The CT Agricultural Experiment Station grew vegetables on research plots
for twelve years. One plot had 10-10-10 and limestone added every year.
Another had one inch of leaf compost added each year. After twelve years,
the yields from the two plots were about the same, but the composted soil
had a slightly higher pH, twice as much organic matter, lower density and
more water-holding capacity.
I heard a geologist lecture on soil weathering and explain how the minerals
most important for agriculture were eroded first from soil particles. Since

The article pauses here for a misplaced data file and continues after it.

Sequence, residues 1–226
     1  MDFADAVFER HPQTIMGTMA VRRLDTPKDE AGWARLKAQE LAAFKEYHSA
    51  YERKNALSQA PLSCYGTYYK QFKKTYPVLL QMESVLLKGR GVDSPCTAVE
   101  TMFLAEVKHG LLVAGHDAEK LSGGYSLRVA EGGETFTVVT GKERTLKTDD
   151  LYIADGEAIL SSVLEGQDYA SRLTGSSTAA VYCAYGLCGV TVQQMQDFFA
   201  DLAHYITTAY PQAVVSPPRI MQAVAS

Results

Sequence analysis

the acids lichens produce slowly erode rocks (chemical weathering) it is
not surprising that nitric acid also erodes the tiny rocks which make up
the mineral part of soil.
This all may be connected with the great results that some growers report
from the use of quarry dust (basalt) as a soil amendment. It is a great
source of fresh, unweathered minerals.
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